|Birth: ||Feb. 5, 1913|
West Point (Fayette County)
|Death: ||Jul. 25, 1973|
Playwright. Leonard Ramsey Yelvington was born to Jesse Leonard (b. 3/27/1892 Lavernia, Wilson County TX) and Sarah Gillespie ( b. 1889, Texas ) Yelvington. Attended public schools in Smithville. The Yelvingtons moved to San Antonio in the 1920's, and Ramsey graduated from Brackenridge High School. He matriculated at Howard Payne College, later transferring to Baylor University at Waco to study drama under Dr. Paul Baker. Short of just 3 required credits, Yelvington left Baylor without graduating. He was to work at several Texas radio stations before the outbreak of World War II, enlisting with the United States Army Corps of Engineers stationed at Fort Lewis, Washington. His sole assignment was to write for the base newspaper. In 1942 Yelvington married Louise Durham and eventually had two daughters. After the war he lived in Wimberley, TX, writing short stories and raising livestock. His first book (1950) was titled "The Roaring Kleinschmids". He then turned to writing Texas plays. His first play was "Home to Galveston": then came "Cocklebur" and "The Long Gallery" (the later two were produced at Baylor University in the early 1950's by his former teacher Paul Baker). 1958 brought "The Long Gallery" which debuted off-Broadway in New York . "Women and Oxen", "A Cloud of Witnesses", and "Shadow of an Eagle" compose what was later known as Yelvington's "A Texian Trilogy". After "Shadow of an Eagle" was produced at the Dallas Theatre Center, he received both Danforth and Rockefeller grants for his abilities, allowing him to complete his formal education at Baylor, where he received his Master of Arts degree.
With a newfound credibility and academic standing, Southwest Texas State University (now Texas State University at San Marcos) hired him to be a drama/speech professor and playwright-in-residence. While at SWTSU wrote several plays produced by James Barton, some of which were produced at the university's outdoor Glade Theater (still in existence). Part of the university's current lore is that Yelvington's ghost haunts the "green room" the Fine Arts Center because he died two days after his final play "The Folklorist" opened in the SWTSU Theatre on July 23, 1973. His daughter, Harriet had produced it herself. A portrait of Ramsey hangs in the Texas State University theatre - the lone adornment in its lobby. His "Cloud of Witnesses" was a seasonal favorite at the Palo Duro Canyon theater - the former haunts of then-young artist Georgia O'Keefe at Canyon, TX.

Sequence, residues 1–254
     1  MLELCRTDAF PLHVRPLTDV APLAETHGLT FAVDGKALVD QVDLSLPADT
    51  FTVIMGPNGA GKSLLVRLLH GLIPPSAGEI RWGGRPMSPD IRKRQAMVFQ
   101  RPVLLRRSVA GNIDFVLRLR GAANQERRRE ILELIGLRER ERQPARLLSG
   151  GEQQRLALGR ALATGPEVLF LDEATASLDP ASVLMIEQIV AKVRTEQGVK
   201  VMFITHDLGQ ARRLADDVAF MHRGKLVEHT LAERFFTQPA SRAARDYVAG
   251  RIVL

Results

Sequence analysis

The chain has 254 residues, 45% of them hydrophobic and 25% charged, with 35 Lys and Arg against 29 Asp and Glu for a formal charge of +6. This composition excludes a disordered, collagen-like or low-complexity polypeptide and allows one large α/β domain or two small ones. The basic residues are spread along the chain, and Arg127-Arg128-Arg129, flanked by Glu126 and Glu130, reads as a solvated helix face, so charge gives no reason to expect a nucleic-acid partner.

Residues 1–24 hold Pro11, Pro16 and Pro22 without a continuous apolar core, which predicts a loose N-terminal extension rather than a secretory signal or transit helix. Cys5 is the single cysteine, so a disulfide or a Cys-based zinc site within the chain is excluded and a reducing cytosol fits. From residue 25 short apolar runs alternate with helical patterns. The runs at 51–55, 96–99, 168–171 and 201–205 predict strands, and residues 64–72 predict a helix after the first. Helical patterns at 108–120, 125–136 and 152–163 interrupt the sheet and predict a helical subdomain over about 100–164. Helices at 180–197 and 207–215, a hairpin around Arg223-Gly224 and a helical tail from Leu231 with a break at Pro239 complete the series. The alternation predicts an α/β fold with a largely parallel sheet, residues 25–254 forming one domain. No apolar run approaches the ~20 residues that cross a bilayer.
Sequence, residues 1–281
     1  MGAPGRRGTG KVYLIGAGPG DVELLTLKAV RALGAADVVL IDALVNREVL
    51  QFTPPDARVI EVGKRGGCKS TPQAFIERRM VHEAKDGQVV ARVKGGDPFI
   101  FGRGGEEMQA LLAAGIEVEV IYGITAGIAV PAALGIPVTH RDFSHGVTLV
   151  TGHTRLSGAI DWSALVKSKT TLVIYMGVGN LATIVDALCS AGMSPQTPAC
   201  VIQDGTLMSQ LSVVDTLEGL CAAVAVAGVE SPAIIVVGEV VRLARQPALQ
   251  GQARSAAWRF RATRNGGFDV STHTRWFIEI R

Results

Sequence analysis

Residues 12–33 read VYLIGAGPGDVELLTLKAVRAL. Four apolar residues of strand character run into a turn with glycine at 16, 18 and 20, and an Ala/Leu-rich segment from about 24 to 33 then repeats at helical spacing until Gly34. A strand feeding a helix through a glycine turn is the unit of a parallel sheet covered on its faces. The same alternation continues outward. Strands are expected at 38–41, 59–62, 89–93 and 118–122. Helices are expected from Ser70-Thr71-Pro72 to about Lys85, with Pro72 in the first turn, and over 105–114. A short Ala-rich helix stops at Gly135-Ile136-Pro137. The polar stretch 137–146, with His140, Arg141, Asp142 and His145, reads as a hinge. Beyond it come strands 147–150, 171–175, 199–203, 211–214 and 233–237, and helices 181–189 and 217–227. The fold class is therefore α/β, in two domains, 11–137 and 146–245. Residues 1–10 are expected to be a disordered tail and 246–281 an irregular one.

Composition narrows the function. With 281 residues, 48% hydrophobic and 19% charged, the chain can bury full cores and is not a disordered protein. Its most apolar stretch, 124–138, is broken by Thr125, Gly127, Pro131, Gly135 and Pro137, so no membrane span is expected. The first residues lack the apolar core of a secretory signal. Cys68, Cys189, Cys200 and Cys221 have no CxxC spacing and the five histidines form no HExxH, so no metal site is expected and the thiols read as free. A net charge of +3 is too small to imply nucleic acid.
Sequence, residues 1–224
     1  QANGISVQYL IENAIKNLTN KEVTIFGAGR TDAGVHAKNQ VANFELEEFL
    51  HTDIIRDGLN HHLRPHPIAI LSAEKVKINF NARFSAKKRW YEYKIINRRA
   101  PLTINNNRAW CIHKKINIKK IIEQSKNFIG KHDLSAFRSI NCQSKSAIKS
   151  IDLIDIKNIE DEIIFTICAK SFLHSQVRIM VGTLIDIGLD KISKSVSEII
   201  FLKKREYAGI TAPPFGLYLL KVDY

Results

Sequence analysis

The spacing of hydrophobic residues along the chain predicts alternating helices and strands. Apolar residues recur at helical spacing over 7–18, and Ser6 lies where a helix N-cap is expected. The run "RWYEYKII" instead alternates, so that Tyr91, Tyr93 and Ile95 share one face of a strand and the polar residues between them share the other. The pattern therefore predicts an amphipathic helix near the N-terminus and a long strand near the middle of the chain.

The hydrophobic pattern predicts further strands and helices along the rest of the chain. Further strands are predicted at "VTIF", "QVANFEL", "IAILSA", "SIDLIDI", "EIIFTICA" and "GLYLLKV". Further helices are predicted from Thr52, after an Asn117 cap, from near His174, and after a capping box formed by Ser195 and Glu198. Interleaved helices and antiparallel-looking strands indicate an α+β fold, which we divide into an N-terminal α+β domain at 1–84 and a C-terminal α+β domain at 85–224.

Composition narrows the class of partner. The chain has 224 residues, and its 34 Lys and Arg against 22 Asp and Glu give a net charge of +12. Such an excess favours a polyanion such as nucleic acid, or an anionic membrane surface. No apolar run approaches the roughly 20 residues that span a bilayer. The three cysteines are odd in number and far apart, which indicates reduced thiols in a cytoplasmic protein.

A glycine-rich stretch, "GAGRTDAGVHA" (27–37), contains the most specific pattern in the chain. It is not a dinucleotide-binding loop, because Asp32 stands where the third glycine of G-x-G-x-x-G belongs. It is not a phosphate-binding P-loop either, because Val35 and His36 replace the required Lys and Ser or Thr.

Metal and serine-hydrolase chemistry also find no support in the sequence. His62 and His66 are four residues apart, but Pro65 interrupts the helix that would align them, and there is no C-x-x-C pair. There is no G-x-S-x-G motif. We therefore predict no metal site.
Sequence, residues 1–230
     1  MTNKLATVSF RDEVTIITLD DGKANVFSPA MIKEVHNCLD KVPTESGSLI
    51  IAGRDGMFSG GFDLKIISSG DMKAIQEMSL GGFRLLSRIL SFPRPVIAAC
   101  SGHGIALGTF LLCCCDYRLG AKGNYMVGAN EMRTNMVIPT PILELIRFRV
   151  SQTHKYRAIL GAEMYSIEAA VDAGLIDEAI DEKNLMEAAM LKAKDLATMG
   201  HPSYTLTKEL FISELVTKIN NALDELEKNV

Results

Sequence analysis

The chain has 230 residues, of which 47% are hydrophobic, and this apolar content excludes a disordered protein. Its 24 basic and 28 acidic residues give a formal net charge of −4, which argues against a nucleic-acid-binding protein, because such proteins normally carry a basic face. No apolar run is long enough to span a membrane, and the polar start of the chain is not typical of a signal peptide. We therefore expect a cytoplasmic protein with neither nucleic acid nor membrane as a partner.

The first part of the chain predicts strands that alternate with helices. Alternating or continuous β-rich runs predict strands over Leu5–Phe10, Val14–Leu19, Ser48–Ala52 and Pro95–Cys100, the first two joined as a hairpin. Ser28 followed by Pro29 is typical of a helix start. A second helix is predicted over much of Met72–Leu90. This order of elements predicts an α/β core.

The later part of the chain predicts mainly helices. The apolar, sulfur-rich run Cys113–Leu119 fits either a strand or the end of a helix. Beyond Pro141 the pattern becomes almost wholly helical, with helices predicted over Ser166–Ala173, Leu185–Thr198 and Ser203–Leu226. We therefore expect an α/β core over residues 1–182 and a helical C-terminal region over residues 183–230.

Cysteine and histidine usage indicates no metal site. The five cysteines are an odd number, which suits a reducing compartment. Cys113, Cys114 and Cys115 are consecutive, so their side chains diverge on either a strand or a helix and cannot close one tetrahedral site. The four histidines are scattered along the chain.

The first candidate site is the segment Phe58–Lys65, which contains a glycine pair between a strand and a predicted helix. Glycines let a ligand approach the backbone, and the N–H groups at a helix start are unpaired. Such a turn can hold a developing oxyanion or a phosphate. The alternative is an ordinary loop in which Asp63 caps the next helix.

He was elected a member of the Texas Insitute of Letters, and was the founding president of the Texas Playwright's Company. He was a voraciously well-read historian (member: Texas State Historical Commission) and philosopher (member: Philosophical Society of Texas). His tombstone includes the three words " Texan - Playwright - Baptist ". His widow Louise re-married another Baptist gentleman: the Rev. Dr. William Denham. Jr., the former pastor of First Baptist Church of Austin, TX (now deceased).
Yelvington's papers may be found at: Barker Texas History Center, University of Texas at Austin, the Margo Jones Collection in Dallas (SMU), and the Southwestern Writers' Collection at Texas State University at San Marcos.
- J Yelvington
(Respectfully entered by G. Walton)
It looks like Ramseys' stone headstone reads: TEXAS FIRST PLAYWRIGHT
San Marcos Cemetery
Created by: widowsson
Record added: Sep 02, 2006
Find A Grave Memorial# 15585585